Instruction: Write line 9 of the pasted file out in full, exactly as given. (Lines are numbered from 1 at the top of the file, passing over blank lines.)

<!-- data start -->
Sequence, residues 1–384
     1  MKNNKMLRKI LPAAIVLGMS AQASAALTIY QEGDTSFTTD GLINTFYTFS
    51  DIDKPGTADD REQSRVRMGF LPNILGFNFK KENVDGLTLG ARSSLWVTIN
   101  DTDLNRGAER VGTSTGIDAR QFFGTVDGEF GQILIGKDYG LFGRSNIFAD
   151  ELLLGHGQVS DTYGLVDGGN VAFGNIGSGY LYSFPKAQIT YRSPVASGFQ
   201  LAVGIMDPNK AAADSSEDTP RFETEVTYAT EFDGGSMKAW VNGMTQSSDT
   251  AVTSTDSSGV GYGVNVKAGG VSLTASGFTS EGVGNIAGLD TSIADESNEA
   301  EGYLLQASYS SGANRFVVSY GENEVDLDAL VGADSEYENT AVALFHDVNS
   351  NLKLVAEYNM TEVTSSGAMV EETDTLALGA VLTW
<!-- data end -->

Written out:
   351  NLKLVAEYNM TEVTSSGAMV EETDTLALGA VLTW